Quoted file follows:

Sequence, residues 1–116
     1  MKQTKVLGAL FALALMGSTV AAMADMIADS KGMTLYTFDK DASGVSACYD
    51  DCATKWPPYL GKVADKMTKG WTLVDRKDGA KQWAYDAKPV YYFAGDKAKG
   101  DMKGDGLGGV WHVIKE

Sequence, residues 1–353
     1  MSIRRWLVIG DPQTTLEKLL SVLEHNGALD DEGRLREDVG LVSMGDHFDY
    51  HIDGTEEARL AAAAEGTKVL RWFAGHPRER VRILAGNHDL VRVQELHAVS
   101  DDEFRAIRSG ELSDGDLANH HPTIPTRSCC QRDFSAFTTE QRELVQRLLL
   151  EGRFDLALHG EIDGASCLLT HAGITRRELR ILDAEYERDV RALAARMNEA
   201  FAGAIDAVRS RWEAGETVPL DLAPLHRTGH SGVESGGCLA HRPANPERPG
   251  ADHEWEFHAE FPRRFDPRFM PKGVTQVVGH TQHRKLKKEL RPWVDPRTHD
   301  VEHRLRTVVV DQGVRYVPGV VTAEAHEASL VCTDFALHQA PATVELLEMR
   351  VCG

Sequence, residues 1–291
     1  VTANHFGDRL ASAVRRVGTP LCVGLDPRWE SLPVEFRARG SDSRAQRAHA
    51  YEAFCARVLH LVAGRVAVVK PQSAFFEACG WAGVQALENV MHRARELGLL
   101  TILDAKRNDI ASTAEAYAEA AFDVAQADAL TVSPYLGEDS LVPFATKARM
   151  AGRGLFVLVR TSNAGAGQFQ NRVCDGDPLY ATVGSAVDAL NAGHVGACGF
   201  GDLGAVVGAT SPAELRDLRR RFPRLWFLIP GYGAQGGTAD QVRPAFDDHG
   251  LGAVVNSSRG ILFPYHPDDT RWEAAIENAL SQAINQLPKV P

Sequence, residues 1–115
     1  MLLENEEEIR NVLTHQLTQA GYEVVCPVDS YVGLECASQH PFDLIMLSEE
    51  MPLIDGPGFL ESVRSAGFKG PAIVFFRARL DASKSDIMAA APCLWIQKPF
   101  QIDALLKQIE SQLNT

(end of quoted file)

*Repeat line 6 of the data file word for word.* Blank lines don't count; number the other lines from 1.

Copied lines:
     1  MSIRRWLVIG DPQTTLEKLL SVLEHNGALD DEGRLREDVG LVSMGDHFDY